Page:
Several of Joinery's clients recently started seeing a dramatic increase in fraudulent card-testing behavior on CiviCRM sites using the Stripe payment processor. We've resolved this problem for them with some great new features in the CiviCRM extension ecosystem, thanks to the contributions from open-source developers and CiviCRM partners.
If you're seeing a large number of failed or fraudulent transactions in your Stripe dashboard, you may want to look into the solutions mentioned below.
Is this affecting me?
If it is, your Stripe.com payments page probably looks a lot like this – like, pages and pages of entries like this:
What is card testing?
Card testing is a way for credit card thieves to test whether a stolen credit card is still active, by making a small donation on your site. If the transaction is successful, they know the card is still good for making larger purchases elsewhere. For more background, Stripe explains the general nature of card testing in its article, Protect yourself from card testing.
Is this a serious problem?
Although this activity is obviously fraudulent and criminal, it does not mean that someone is stealing anything (neither money nor information) from you or your contacts. But left un-checked it could have some negative consequences for you. We've heard from people who've had one or more of these things happen as a result:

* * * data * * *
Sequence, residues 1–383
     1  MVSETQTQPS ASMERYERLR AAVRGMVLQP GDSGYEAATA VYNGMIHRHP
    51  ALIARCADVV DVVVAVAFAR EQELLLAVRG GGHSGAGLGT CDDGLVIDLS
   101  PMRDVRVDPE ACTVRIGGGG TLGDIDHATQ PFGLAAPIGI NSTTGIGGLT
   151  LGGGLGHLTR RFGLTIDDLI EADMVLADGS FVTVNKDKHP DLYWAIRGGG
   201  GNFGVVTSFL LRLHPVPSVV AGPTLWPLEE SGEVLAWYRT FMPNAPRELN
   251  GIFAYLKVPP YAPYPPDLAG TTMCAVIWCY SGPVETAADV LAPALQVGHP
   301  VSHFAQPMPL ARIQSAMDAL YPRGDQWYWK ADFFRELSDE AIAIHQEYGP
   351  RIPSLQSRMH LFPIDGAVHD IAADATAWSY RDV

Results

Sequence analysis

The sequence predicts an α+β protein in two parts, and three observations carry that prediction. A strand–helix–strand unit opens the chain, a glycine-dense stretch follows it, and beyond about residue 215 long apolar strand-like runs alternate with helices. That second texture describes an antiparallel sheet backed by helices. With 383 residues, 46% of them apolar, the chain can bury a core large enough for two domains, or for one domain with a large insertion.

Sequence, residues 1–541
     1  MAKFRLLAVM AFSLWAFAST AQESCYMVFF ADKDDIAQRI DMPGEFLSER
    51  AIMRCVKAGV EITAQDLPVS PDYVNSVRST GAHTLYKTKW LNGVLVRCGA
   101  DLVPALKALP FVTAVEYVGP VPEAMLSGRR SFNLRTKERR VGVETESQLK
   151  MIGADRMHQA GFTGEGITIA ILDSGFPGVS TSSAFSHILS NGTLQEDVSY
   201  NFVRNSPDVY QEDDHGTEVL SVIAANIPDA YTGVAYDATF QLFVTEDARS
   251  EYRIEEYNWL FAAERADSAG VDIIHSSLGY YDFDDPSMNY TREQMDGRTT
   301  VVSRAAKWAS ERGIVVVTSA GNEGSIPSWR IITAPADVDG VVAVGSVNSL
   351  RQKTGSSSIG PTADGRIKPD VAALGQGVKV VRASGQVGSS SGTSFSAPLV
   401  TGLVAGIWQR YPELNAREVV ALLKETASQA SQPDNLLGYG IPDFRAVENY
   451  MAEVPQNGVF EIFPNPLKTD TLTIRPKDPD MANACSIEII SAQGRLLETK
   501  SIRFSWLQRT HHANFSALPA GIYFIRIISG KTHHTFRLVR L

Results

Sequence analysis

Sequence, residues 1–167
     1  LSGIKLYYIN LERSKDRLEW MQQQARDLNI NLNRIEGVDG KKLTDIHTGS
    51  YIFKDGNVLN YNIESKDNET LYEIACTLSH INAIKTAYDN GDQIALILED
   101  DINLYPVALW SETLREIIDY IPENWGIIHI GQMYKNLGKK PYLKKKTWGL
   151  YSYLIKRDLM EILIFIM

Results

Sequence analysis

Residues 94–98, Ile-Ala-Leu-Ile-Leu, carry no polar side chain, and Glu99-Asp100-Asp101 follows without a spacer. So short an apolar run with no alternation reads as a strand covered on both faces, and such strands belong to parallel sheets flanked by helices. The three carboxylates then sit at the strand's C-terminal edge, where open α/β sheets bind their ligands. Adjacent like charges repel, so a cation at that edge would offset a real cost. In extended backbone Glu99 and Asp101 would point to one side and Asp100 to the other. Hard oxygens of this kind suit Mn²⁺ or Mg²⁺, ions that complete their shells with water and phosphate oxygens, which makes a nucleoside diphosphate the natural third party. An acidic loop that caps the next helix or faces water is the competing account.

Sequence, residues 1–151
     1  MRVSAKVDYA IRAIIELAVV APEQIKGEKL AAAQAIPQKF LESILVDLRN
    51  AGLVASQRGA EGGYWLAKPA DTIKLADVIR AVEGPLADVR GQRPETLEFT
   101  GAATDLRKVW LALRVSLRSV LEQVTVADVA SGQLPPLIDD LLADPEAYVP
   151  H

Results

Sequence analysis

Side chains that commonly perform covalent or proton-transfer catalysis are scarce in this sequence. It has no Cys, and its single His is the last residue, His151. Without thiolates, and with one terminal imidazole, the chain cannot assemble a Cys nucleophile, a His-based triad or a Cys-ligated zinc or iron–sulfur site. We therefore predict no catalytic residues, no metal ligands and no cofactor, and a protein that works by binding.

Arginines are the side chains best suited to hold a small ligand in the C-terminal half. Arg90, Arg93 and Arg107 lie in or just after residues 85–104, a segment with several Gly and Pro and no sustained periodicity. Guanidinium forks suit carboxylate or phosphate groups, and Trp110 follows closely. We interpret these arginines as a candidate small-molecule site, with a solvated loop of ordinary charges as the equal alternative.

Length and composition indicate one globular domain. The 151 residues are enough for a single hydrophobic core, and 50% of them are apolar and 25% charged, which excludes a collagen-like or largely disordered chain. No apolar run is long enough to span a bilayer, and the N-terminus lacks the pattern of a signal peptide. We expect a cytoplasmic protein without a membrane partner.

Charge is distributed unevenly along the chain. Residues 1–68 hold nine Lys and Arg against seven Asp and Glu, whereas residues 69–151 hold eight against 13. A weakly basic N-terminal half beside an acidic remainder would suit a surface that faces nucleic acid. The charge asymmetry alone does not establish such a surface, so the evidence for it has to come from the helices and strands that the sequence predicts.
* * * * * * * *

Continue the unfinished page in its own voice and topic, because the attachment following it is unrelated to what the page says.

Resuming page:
- Stripe account suspension: Stripe determines that there's too much card-testing activity on the site, and they disable the organization's account and refuse to process payments until the problem is resolved.
- Complaints from card theft victims: A stolen card is used by a thief to make a donation, and the organization receives an angry phone call from the card owner demanding an explanation (and a refund, of course).
- Site downtime or slow performance: The organization's site becomes very slow to use, or becomes completely unresponsive, due to a high volume of automated card-testing activity.
How we've addressed this on client sites:
The solution for Joinery's clients has been fairly simple, thanks to the work of several open-source extension developers and CiviCRM partners.
If you're seeing this kind of behavior on your site, there's a good chance the following simple steps will take care of it:
- Update to the latest version of these extensions:
- Obtain an api key for Google's reCAPTCHA v3 (this reCAPTCHA requires no interaction from the user, so no need for those annoying "I'm not a robot" checkboxes).